But more can be done, says Eram. “Huddles and debriefs are needed after code whites (response to violent person) take place on shift, but emergency departments are so busy right now, we have to get right back to work.”
Eram also advocates for more simulation and feedback sessions to hone choice of words, body language, tone and cadence. “Let’s act it out together and get feedback. All of this is so important when speaking with patients.”
Ovens says hospital staff are not the only ones suffering the effects of violence. “It is also taking a toll on our patients and families, and as always, it is the highest-risk and most marginalized patients who are paying the price the most,” he says.
He describes how zero-tolerance policies, ones that evict patients for aggressive behaviour, can be deadly for patients with acute medical conditions, intoxication or mental health problems.
Using methamphetamine intoxication as an example, an exponentially increasing condition seen in emergency departments, he says that “intoxication can be associated with agitated behaviour in a way that is outside that person’s voluntary control.”
“These patients can easily go out and come to harm themselves or others and are at risk of seizures and sudden death,” he says. “If we are going to protect the emergency department by kicking these people out, we might as well just lock the door and go out of business.”
Rather than zero tolerance, Ovens calls for national standards to address and prevent violence in hospitals.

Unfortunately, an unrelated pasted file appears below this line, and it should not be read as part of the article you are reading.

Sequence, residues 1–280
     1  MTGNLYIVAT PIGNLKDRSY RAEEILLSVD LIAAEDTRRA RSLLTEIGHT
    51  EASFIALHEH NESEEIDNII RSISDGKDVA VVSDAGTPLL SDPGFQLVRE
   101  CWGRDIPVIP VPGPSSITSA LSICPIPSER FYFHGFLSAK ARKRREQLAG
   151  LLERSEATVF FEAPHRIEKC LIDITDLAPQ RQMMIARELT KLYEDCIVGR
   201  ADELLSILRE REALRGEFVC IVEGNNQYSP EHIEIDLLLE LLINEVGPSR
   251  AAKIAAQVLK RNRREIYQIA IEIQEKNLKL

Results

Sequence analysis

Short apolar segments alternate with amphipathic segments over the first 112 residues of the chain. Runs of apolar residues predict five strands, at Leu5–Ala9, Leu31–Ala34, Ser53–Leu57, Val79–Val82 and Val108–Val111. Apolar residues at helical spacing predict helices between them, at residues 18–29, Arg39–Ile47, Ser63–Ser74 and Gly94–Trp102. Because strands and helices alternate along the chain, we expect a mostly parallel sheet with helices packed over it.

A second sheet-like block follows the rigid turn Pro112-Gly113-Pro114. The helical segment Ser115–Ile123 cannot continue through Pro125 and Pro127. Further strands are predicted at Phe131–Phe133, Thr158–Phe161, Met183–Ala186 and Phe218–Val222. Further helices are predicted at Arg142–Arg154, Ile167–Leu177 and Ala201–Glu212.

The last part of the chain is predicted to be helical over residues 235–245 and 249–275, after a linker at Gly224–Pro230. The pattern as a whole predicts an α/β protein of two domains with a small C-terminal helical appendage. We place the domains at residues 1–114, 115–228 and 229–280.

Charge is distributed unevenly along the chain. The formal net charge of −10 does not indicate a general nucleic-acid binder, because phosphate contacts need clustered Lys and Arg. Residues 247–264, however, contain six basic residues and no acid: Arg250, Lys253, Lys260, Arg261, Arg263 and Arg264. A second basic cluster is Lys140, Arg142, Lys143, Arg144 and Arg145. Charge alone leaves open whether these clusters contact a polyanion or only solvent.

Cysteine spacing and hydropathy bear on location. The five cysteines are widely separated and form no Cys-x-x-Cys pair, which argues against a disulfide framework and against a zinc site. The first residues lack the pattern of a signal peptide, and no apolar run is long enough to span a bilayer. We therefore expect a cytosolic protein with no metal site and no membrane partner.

“We need a national accreditation process to support physical design aspects, structures, policies and training that promote safe operation of emergency departments,” says Ovens, “We also need security staff trained as part of the health-care team. They are very different than mall security or police officers.”
Drummond agrees but is not confident he will see any meaningful change. In 2019, on behalf of CAEP members, he and other representatives of health-care organizations called for the creation of national hospital safety standards at the House of Commons Standing Committee on Health. After the hearing, the committee requested that the federal government table a comprehensive response to the recommendations in the report Violence Facing Health-care Workers in Canada.
To date, there has been no response.
Drummond says the time to act is now. “Because of the effects of crowding, moral injury, COVID-19 and the enforced acceptance of violence as a social norm, a lot of emergency physicians and nurses are saying, ‘Enough.’”
While Eram has seen her colleagues injured at work, exhausted by abusive behaviours and leaving the profession, she remains focused on making her workplace safer for patients and providers.
“It is hard to ask people to be patient while being a patient right now. We cannot change a person’s behaviour, but we can try to accommodate and change the environment to try to address some of these concerns. We only intend for the best, and we try to do things as best as possible.”